Notes: Limiting stolen bases in 2007

Notes: Limiting stolen bases in 2007

DUNEDIN, Fla. -- With arms crossed, Blue Jays manager John Gibbons stood behind a row of pitching mounds, watching a group of hurlers deliver an array of fastballs on Saturday.

The first workout for pitchers and catchers was in full swing at the Bobby Mattick Training Center, but Gibbons was using the time to mainly get acquainted with some of the new faces in camp. As Spring Training wears on, though, Gibbons and his coaching staff plan on keeping a closer eye on the pitchers' feet.

Gibbons would like his pitching staff to get quicker to home plate, mixing in a slide step more often to help stop the running game. Last season, the Blue Jays allowed an American League-worst 130 stolen bases, and the catchers weren't the only ones at fault.

"There's certain guys in the league who you're going to have trouble throwing out anyway," Gibbons said. "But there's certain guys that you've got to get, too. We've got to give our catchers a better chance this year."

The Yankees (139 stolen bases), Devil Rays (134) and Orioles (121) each finished in the top 10 for stolen bases in the Majors last season, and they ranked second, third and fourth, respectively, in the American League. Considering that Toronto plays 57 games combined against those AL East division rivals in 2007, it wants to try to get better at holding runners.

Gibbons used right-hander A.J. Burnett as an example of a pitcher who uses a high leg kick, which can make it easier for runners to steal. One argument against having strikeout pitchers such as Burnett use a slide step with a runner on base is that it can potentially decrease his pitch velocity.

"That's not something he needs to do every pitch," Gibbons said about Burnett's leg kick. "Then you've got the ol' theory of, 'Well, if guys get in scoring position, this guy's got the ability to strike guys out.' Yeah, OK, but it might be a little easier to just keep them out of scoring position, too."

The one group that Gibbons would really like to work on getting quicker to the plate is the middle relievers. In the late innings, he said that it's important for the bullpen not to allow any unnecessary bases.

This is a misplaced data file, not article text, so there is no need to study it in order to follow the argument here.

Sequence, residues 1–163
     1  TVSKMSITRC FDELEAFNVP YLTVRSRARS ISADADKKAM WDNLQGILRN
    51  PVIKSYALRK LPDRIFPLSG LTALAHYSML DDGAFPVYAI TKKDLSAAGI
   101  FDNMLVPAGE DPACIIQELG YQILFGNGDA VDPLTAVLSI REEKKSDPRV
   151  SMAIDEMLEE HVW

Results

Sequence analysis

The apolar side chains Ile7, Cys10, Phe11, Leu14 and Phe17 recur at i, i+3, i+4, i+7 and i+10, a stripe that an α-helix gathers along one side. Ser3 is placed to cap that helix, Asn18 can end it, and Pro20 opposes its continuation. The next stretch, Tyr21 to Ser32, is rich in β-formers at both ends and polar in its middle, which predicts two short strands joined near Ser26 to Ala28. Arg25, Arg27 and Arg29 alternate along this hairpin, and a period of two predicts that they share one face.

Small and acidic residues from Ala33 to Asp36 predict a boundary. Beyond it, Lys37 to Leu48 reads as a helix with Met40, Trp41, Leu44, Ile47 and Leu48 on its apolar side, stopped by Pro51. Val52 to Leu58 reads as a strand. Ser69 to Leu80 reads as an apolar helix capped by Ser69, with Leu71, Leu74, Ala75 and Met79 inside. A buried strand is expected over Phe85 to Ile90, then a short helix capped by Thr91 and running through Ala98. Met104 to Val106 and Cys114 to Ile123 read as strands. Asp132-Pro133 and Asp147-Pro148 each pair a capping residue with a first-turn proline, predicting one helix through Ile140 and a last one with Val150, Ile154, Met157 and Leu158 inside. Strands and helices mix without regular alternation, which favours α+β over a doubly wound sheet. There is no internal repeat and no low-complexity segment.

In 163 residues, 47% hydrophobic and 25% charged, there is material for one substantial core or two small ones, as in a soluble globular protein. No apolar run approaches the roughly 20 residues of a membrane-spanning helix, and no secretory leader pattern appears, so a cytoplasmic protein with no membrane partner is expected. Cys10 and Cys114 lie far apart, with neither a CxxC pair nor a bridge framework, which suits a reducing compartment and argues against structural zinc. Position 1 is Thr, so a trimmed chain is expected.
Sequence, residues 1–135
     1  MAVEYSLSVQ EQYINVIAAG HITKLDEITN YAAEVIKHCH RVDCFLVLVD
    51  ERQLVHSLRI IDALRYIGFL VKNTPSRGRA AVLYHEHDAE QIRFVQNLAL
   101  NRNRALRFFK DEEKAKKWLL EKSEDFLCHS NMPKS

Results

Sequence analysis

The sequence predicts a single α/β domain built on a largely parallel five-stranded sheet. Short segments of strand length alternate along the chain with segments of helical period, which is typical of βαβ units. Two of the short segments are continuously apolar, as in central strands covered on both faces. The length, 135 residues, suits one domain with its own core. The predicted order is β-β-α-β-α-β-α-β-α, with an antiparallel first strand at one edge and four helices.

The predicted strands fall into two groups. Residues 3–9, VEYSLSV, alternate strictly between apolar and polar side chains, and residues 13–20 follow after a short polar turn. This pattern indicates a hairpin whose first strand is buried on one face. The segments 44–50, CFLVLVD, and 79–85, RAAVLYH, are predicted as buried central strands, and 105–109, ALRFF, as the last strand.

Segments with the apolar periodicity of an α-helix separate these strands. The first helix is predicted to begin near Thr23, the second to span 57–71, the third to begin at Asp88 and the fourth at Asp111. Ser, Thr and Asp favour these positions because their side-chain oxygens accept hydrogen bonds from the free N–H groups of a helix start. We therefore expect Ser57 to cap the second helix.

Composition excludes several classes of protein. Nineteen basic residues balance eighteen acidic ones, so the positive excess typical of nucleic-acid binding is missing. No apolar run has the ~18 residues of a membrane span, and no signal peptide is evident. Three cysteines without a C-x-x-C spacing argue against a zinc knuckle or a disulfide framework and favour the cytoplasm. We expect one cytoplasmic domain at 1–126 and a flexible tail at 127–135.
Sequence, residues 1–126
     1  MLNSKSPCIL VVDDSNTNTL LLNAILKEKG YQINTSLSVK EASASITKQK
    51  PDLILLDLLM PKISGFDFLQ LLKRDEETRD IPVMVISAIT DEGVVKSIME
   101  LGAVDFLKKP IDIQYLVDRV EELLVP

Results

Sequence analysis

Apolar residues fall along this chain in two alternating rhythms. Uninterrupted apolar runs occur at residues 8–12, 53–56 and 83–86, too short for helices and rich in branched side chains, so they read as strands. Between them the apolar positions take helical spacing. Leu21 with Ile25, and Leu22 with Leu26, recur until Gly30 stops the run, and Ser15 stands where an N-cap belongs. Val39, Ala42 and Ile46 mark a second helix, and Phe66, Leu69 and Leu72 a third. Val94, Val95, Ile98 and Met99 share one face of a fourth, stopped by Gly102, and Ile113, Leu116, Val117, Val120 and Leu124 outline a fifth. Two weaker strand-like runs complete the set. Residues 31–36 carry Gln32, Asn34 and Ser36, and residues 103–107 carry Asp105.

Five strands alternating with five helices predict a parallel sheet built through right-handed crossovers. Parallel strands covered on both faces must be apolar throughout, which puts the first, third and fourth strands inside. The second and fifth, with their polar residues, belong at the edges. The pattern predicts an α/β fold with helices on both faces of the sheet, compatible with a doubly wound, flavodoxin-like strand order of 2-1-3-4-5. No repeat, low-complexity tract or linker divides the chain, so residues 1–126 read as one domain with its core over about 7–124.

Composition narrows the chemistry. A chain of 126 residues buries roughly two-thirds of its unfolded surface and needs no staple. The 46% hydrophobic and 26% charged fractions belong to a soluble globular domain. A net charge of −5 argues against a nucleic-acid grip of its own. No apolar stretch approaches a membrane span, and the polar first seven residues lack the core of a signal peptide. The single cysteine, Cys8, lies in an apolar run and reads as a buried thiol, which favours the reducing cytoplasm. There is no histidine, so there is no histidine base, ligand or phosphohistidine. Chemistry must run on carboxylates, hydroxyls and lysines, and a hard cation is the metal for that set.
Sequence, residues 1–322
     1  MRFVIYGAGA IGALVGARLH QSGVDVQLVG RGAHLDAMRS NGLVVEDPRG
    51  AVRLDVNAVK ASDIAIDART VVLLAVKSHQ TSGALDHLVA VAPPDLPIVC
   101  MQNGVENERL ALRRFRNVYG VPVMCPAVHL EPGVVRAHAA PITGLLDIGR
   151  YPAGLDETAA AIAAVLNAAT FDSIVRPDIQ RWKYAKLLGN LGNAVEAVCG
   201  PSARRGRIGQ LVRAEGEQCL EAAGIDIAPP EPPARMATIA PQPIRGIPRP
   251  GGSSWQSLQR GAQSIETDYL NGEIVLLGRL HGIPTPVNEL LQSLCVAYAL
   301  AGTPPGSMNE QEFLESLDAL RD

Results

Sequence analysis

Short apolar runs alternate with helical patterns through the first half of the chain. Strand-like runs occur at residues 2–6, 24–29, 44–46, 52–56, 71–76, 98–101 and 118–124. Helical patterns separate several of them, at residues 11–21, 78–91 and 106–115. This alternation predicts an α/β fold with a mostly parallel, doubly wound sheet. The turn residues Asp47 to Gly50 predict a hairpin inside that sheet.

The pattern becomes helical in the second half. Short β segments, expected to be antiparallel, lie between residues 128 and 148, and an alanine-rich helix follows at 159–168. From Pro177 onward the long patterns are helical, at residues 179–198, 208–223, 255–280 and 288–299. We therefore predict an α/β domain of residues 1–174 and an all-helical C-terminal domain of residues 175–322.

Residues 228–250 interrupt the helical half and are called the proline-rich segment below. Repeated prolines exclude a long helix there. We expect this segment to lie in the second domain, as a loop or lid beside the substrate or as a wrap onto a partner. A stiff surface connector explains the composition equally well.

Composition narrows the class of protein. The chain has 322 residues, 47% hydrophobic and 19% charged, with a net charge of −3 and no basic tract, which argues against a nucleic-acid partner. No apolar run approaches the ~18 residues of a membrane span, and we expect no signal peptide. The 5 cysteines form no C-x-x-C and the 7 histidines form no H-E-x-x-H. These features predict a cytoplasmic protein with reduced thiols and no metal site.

Nothing personal: John Thomson caught reporters off guard in January, when he made a negative comment about Mets catcher Paul Lo Duca. On Saturday, Thomson said he didn't mean for his remarks to seem like a personal attack.

"It was nothing personal," Thomson said. "I don't know Paul. Personally, I've never met the guy. ... I said some things that were on my mind that I probably shouldn't have said that stemmed from something that happened three years ago."

Thomson didn't go into detail on what the incident was, but he insisted that his comments were taken out of context. Thomson said he was trying to express that one of the reasons he signed with the Jays was because he liked the idea of working with Toronto catcher Gregg Zaun.

After signing with Toronto, Thomson said, "As far as just looking at Paul Lo Duca across the field, I'm not really into how he acts behind the plate. I know a bit about Gregg Zaun and I know he wants to win and he's not going to let anything get in his way to do that, and I like that."

On Saturday, Thomson said: "That was the first time I ever said something towards somebody like that. I didn't mean it derogatory. I didn't mean it personally attacking him or anything like that. He goes out and plays the game. I just think I was a better fit over here."

Staying in the 'pen: During the offseason, the Blue Jays considered the possibility that left-hander Scott Downs might still be an emergency solution for the back end of the rotation. On Friday, general manager J.P. Ricciardi said Toronto plans on keeping Downs in the bullpen.

"I think Downs is better suited to be in the 'pen," Ricciardi said. "Downs has done a good job for us the last few years, so maybe he becomes the left-handed specialist or the guy who can give you that one inning."

Either/or: If Shaun Marcum doesn't make the cut for one of Toronto's rotation spots, Gibbons said that the right-hander would likely have a job in the bullpen. Pitchers Casey Janssen, Dustin McGowan and Ty Taubenheim would probably start the year in the rotation at Triple-A Syracuse, though.

"Say Marcum doesn't work into the rotation, then he's going to pitch out of the 'pen for us," Gibbons said. "We think he can do either job very well."

What's up doc? Blue Jays pitchers and catchers underwent routine physicals on Saturday morning, and almost everyone checked out OK. Right-hander Brandon League has a tight hamstring, but Gibbons said he should be fine in a few days.

Snowed in: All of Toronto's coaches have made it to Florida, with the exception of third-base coach Brian Butterfield. Bad weather has delayed Butterfield's trip to Spring Training from Maine, but he's expected to arrive on Sunday.

Quotable: "We're a very good defensive fielding team with our pitching staff. We do all those things very well. That's the one area that we don't -- holding runners." -- Gibbons

Jordan Bastian is a reporter for MLB.com. This story was not subject to the approval of Major League Baseball or its clubs.